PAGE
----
And watching her give out flowers and be kind to all the orphan children as the townsfolk murmur about how perfect and wonderful and generally too pure for this sinful Earth she is. But that doesn’t bother me, laid on as it is thicker than a mammoth skin rug, what does is that the storytelling feels confused. Not confusing – confused. There’s this whole new chapter between terrorist bombing one and two in which Cloud gets latched onto by Manic Pixie Dream Girl 1.5, and it’s all over the place like a living room full of aborted Lego projects. First there’s a motorbike chase and then a motorbike boss fight with a mulleted dude who feels threatened by your motorbike prowess and nicer hairdo.

Then we have to sneak around someone’s mums house and the pace slows right down before speeding right back up again when we go to a facility to battle some evil corporate soldiers, and then oh no, mullet dude shows up for another boss fight, and then oh no, evil robots come to kill us, but oh yay, mullet dude smashes the robots because he respects us now, but then he fucks off and oh no, the robots are still working so what was the fucking point of any of that, then oh yay, a rival terrorist cell shows up to cover our escape, but oh no, they’ve taken Wedge, but oh yay, Wedge comes straight back. And then a prolonged sequence ensues where our heroes pull Wedge’s trousers down and inspect his buttocks. As I say, confused, like they were tag teaming out the writers every ten minutes and they weren’t allowed to talk to each other.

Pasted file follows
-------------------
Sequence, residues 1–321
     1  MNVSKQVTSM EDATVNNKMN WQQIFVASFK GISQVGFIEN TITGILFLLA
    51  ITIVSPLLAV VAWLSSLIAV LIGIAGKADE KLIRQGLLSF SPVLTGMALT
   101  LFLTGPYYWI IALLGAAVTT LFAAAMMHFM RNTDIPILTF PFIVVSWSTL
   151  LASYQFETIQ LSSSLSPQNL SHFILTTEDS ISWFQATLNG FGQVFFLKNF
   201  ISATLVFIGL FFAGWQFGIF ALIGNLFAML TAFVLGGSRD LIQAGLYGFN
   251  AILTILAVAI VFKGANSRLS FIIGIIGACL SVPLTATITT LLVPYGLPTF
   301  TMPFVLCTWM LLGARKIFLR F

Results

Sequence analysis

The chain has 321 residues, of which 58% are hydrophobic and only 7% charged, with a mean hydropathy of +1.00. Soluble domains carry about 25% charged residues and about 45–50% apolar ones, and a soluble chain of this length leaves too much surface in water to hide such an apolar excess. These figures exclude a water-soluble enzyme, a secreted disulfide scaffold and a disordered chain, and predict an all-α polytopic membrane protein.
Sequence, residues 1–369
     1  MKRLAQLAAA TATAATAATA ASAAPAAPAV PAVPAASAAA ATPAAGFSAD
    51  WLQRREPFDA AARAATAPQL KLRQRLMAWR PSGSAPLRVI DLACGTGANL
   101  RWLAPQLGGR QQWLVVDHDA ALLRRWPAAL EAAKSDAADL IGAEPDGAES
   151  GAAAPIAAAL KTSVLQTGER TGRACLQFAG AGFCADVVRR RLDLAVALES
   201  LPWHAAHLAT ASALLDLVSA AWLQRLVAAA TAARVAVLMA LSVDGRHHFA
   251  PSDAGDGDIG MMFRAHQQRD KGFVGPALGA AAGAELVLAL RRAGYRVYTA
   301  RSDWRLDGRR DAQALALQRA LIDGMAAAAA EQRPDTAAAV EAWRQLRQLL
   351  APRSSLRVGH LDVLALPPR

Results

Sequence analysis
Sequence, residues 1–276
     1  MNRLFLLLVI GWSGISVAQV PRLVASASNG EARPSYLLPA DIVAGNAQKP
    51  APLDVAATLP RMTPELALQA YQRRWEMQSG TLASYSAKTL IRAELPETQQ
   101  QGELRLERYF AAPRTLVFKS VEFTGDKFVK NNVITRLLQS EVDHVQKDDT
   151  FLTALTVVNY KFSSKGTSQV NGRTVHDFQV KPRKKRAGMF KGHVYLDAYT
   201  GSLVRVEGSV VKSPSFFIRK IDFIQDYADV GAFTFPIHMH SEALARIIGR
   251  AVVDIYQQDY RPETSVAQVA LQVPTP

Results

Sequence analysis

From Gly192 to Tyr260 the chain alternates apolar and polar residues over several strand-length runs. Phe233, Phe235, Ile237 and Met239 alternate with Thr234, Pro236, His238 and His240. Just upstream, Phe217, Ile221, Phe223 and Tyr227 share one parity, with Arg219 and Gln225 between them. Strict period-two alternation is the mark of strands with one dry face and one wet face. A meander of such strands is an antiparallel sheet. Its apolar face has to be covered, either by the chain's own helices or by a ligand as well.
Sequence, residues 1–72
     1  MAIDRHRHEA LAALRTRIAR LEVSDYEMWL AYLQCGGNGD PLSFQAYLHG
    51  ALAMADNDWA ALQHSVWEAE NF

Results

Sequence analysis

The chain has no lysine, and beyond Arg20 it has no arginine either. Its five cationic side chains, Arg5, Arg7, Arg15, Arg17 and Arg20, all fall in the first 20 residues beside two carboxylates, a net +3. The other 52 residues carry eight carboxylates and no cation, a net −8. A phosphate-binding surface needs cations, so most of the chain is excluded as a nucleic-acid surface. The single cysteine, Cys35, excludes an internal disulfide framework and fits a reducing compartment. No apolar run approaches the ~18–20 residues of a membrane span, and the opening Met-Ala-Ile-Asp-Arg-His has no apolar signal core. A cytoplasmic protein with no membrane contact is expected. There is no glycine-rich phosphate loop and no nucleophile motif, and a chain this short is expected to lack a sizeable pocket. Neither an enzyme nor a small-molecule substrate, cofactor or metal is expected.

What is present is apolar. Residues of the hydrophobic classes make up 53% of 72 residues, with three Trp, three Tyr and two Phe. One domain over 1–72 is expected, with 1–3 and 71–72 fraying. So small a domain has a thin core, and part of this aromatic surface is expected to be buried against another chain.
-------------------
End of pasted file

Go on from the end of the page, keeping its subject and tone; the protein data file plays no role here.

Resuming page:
And at some point someone must have said “Hey, you know Sephiroth? The iconic villain of the game who all the fangirls irrigate their inner thighs over? Isn’t he, like, barely in the first bit of the game? Doesn’t his proper introduction only happen right after the bit where our game stops?” “Well I wish you’d brought this up sooner, Clemence. Alright, let’s have the main character hallucinate Sephiroth a bunch of times, then at the very end as you’re leaving the city a magic portal to space will appear and you have to go through and fight Sephiroth on the moon. Any questions?” “Yes, several.” I don’t know what the fuck’s going on at the end, there.

I feel sorry for anyone playing this game with no knowledge of the original. “Blimey, my pretty anime sword boy daydreams about Gwyneth Paltrow a lot.” I’ve got no nostalgia for the original game – I think I was in the room when someone was playing it once, and I was more interested in the Twix I was very slowly eating at the time – and I found the remake to be a mixed experience. I was having fun while I was in the gambling town and Cloud had to dress up as a lady and becomes somehow irresistable to men despite looking like a frumpy Amish spinster who spent last night sleeping with her head in the feeding trough.